|Home | About | Journals | Submit | Contact Us | Français|
Invasiveness and metastasis are the most common characteristics of non small cell lung cancer (NSCLC) and causes of tumour-related morbidity and mortality. Mitogen-activated protein kinases (MAPKs) signalling pathways have been shown to play critical roles in tumorigenesis. However, the precise pathological role(s) of mitogen-activated protein kinase phosphatase-1 (MKP-1) in different cancers has been controversial such that the up-regulation of MKP-1 in different cancers does not always correlate to a better prognosis. In this study, we showed that the induction of MKP-1 lead to a significant retardation of proliferation and metastasis in NSCLC cells. We also established that rosiglitazone (a PPARγ agonist) elevated MKP-1 expression level in NSCLC cells and inhibited tumour metastasis.
Both wildtype and dominant negative forms of MKP-1 were constitutively expressed in NSCLC cell line H441GL. The migration and invasion abilities of these cells were examined in vitro. MKP-1 modulating agents such as rosiglitazone and triptolide were used to demonstrate MKP-1's role in tumorigenesis. Bioluminescent imaging was utilized to study tumorigenesis of MKP-1 over-expressing H441GL cells and anti-metastatic effect of rosiglitazone.
Over-expression of MKP-1 reduced NSCLC cell proliferation rate as well as cell invasive and migratory abilities, evident by the reduced expression levels of MMP-2 and CXCR4. Mice inoculated with MKP-1 over-expressing H441 cells did not develop NSCLC while their control wildtype H441 inoculated littermates developed NSCLC and bone metastasis. Pharmacologically, rosiglitazone, a peroxisome proliferator activated receptor-γ (PPARγ) agonist appeared to induce MKP-1 expression while reduce MMP-2 and CXCR4 expression. H441GL-inoculated mice receiving daily oral rosiglitazone treatment demonstrated a significant inhibition of bone metastasis when compared to mice receiving sham treatment. We found that rosiglitazone treatment impeded the ability of cell migration and invasion in vitro. Cells pre-treated with triptolide (a MKP-1 inhibitor), reversed rosiglitazone-mediated cell invasion and migration.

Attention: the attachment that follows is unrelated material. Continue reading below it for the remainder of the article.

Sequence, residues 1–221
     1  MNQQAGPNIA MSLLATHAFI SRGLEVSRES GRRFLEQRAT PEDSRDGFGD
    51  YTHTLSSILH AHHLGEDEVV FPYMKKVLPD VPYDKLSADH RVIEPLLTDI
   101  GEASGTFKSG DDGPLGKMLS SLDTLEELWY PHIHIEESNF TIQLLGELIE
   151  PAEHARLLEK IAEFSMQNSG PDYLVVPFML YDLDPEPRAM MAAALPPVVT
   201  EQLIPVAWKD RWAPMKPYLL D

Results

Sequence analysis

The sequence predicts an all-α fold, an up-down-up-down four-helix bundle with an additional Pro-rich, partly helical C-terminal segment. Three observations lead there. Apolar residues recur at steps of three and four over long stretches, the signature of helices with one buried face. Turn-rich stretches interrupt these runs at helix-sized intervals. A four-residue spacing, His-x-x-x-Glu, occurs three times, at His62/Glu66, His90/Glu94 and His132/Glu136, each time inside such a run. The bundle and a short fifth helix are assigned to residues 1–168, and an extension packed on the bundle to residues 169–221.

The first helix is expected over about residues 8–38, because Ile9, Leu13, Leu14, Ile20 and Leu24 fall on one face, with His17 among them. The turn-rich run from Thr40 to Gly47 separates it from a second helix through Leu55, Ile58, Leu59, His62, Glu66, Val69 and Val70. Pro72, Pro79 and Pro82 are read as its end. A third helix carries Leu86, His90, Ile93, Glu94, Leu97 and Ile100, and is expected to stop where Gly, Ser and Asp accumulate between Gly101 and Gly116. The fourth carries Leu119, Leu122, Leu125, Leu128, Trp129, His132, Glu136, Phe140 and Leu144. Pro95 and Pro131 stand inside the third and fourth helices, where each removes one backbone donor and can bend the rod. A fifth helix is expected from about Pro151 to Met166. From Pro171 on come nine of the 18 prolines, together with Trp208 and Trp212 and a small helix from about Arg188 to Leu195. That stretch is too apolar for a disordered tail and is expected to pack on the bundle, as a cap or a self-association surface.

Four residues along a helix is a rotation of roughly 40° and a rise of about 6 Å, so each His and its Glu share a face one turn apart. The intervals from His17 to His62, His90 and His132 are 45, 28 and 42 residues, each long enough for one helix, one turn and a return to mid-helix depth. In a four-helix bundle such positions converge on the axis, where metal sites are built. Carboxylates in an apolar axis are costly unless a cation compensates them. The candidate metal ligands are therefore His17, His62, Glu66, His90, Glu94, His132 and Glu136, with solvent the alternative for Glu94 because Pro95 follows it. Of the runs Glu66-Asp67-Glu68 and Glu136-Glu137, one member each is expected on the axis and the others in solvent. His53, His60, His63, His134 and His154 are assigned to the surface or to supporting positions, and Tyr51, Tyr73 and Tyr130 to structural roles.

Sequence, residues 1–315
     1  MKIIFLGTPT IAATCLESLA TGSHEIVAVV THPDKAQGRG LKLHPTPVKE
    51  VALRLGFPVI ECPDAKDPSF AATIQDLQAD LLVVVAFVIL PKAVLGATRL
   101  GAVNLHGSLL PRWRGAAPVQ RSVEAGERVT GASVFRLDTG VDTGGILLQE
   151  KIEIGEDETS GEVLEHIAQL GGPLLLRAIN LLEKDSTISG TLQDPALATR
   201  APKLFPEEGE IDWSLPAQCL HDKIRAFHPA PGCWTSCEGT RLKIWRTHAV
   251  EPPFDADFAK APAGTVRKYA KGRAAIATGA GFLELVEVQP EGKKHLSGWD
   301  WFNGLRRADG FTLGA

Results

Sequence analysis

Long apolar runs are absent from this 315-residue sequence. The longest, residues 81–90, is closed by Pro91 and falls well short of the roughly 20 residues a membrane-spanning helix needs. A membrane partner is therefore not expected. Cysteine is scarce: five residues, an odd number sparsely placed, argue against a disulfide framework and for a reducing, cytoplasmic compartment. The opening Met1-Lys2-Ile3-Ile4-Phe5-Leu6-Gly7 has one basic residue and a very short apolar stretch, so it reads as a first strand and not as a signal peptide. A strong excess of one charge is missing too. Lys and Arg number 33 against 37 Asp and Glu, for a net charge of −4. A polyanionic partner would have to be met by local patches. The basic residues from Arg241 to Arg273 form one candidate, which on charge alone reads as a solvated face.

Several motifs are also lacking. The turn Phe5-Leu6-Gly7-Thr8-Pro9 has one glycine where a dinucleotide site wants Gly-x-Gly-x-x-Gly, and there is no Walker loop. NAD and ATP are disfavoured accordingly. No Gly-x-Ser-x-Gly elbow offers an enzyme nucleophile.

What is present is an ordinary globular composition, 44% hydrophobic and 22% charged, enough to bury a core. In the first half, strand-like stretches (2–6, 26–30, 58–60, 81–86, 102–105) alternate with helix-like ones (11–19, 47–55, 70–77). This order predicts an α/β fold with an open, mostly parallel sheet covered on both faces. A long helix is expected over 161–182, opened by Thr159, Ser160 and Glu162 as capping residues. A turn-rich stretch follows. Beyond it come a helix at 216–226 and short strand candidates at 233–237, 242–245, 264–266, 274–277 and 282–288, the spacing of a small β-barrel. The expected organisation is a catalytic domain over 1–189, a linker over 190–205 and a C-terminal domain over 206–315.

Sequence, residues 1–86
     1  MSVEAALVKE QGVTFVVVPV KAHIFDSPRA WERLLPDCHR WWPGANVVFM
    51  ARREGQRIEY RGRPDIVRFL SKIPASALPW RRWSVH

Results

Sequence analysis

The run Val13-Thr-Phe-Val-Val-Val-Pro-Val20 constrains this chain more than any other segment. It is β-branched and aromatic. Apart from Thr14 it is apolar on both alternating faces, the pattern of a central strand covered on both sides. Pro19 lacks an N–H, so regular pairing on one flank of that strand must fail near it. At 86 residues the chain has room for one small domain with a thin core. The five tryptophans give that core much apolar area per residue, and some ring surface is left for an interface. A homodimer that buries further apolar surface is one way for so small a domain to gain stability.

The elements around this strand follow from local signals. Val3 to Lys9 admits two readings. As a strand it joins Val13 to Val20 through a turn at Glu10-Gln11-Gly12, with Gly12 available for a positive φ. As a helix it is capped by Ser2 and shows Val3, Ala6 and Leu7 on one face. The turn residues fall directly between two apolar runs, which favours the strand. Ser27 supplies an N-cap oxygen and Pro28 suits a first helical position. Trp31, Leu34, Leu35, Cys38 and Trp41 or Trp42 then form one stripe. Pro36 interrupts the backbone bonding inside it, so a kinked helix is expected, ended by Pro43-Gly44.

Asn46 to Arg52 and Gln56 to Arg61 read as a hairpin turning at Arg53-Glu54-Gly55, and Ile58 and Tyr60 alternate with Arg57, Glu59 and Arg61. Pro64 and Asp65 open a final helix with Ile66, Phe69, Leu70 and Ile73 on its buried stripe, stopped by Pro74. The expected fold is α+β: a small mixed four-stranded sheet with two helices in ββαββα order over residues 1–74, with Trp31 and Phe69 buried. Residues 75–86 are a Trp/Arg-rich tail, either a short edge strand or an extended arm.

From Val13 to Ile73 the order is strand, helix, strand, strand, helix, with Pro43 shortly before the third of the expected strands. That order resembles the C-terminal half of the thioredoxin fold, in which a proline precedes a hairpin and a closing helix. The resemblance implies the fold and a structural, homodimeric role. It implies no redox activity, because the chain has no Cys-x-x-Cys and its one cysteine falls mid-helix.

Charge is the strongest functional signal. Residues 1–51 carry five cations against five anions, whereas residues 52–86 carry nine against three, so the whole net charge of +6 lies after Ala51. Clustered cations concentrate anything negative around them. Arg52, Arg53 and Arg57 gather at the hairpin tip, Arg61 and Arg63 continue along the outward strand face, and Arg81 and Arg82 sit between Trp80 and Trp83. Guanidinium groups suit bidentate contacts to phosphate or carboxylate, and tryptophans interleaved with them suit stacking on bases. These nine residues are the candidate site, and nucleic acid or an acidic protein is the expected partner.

The induction of MKP-1 could significantly suppress the proliferative and metastatic abilities of NSCLC both in vitro and in vivo. Therefore, MKP-1 could be considered as a potential therapeutic target in NSCLC therapy and PPARγ agonists could be explored for combined chemotherapy.
Lung cancer represents the leading cause of cancer-related deaths in many countries. It is estimated that there are 0.2 million diagnosed cases of lung cancer and over 0.16 million patients die from it in the United States alone . The most common type of lung cancer is non-small cell lung cancer (NSCLC) which contributes to over 75% of all cases . Despite advances in therapeutic strategies, less than 15% of patients with NSCLC survive beyond 5 years of initial diagnosis. The precise etiology of NSCLC is complex. However, activating mutations of the KRAS protooncogene and/or EGFR are believed to play a major role in NSCLC tumorigenesis [3,4]. KRAS and EGFR mutations lead to overt activities of their downstream pro-survival and anti-apoptotic signaling pathways, attributing not only to the development of lung cancer but also a positive correlation to poor prognosis and response to conventional therapies . Due to the extensive contributions from lateral signaling molecules and pathways, the therapeutic efficacies of KRAS and EGFR targeted therapies have been disappointing thus new regimens are required.